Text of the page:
They are partnering with local groups in Jamaica where their lab and clinical training facility is located. And they're seeking to create natural psilocybin medicine and not a GMP grade pharmaceutical.
"OLP is the first company to commercially offer laboratory-confirmed, exact dosages of natural psilocybin medicine"
"OLP has formed a joint venture, Jamaica Medicinal Mushrooms, with a group of Jamaican mushroom cultivators led by Pauline Smith. Smith has a decade of experience in community empowerment and anti-poverty initiatives focused on gourmet and medicinal mushroom cultivation. This partnership ensures local Jamaican communities and farmers will benefit from the exploding international interest in psilocybin mushroom therapies."
Oh 'Ehave: Ehave buys Psytech
"Ehave, Inc. just announced plans to enter the $88 billion mental health market with a letter of intent to acquire 100% of PsychedeliTech, a division of Israel based Israel Cannabis Limited (“iCAN”). Ehave management believes PsychedeliTech could be a leader in the commercialization of research into psychedelics for the treatment of anxiety, depression, and other mental illnesses"
"With a large number of contacts in the industry, both Ehave, Inc. and PsychedeliTech intend to create an ecosystem to nurture the development of therapies using psychedelics. The ecosystem includes clinical trials, biosynthesis of psychedelic compounds, E-commerce, CPG’S, supply, dosage, delivery, data, conferences and business intelligence."
Yeah, baby, yeah!
"PsyTech is positioned to be an incubator and discovery platform to elevate psychedelic medicine, foster normalization, and accelerate innovation utilizing Ehave’s Telemetry Engine and Ehave Dash. Ehave’s Dash enables developers, clinicians, researchers, doctors, hospitals, universities and ultimately prescribers of Psychedelic therapy to monitor the effectiveness of treatment, track patient compliance and verify treatment outcomes in a reliable and objective manner through insightful data."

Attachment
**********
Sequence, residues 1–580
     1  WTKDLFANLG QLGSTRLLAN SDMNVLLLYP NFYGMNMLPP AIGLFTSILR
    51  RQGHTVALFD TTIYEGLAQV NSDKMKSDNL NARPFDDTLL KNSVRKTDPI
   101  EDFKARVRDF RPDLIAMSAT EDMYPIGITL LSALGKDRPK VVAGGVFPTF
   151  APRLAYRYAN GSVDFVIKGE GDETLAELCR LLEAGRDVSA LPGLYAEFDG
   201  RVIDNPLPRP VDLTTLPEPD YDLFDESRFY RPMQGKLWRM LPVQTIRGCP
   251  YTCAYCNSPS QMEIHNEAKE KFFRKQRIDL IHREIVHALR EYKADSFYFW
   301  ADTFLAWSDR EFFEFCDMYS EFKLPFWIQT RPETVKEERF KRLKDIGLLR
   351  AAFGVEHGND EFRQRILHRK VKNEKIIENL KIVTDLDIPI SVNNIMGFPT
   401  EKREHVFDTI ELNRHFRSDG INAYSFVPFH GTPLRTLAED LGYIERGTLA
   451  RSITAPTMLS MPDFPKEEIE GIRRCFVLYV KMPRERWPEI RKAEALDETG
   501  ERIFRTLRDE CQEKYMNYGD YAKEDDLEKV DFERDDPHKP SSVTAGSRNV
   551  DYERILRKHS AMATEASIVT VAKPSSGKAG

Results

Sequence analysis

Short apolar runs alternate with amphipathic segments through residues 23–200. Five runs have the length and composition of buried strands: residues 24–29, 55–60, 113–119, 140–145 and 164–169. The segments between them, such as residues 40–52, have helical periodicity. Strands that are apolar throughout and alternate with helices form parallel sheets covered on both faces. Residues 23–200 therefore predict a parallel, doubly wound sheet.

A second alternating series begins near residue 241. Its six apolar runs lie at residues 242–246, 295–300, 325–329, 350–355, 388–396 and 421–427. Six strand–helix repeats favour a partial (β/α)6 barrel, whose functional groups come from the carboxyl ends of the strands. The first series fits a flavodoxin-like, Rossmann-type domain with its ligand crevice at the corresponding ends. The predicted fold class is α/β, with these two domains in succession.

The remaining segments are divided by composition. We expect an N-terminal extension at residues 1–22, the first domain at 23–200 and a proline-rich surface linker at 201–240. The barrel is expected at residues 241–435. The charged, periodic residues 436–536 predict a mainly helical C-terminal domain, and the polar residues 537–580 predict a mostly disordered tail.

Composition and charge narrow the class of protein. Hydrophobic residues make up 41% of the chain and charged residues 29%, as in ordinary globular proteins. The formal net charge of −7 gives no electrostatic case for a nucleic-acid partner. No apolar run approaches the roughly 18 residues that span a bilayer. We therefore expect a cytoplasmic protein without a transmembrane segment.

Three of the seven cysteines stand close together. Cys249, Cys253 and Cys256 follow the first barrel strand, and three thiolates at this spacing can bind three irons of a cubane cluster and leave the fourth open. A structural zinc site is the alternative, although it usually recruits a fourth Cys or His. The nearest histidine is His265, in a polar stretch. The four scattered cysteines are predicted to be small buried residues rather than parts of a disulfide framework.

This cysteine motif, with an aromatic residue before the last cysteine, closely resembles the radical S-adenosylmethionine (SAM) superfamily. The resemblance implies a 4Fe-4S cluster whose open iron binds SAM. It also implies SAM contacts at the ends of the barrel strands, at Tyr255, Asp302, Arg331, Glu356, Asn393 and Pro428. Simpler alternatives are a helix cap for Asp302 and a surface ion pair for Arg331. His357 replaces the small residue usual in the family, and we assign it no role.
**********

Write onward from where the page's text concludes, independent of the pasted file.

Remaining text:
The flagship product suite from Ehave is MegaTeam line of programs that:
"seek to improve attention, learning, and behavior in individuals with ADHD. MegaTeam was designed and programmed with the intention of providing engagement comparable to video game play; throughout the design process, we have utilized experts in children’s digital media."
I wish they were around when I was a kid, all I got to do was run around outside with my friends, breathing fresh air, playing games, and socializing. As a kid with likely undiagnosed ADHD, I could have used a bit more screen time.
The Problem for Psychedelics: They're Exceptional
What is fascinating about this moment is the constraints imposed by the various stakeholders in the psychedelic community. Some factions will be disappointed with the advent of psychedelic medicine.
The War on Drugs has been a huge embarrassing failure.
Portugal is over here like "come on, you can do it." and the emerging science supporting the use of psychedelics to treat, among other things, substance abuse, creates an uncomfortable situation for many psychedelic enthusiasts.
Good Drugs vs Bad Drugs
Here’s the idea, kinda.
Good Drugs come from the earth, there’s no lethal dose, they have a cultural heritage dating back thousands of years and have a utility in enhancing spirituality, consciousness, exploring one's mind, treating disease.
Bad drugs are synthetic numbing agents that have a lethal dose made cheaply, cut with dangerous chemicals and sold by marginalized populations to marginalized populations.
Good drugs are celebrated on Instagram and in bi-weekly newsletters.
The right to use bad drugs is an argument that doesn't make sense to a lot of people.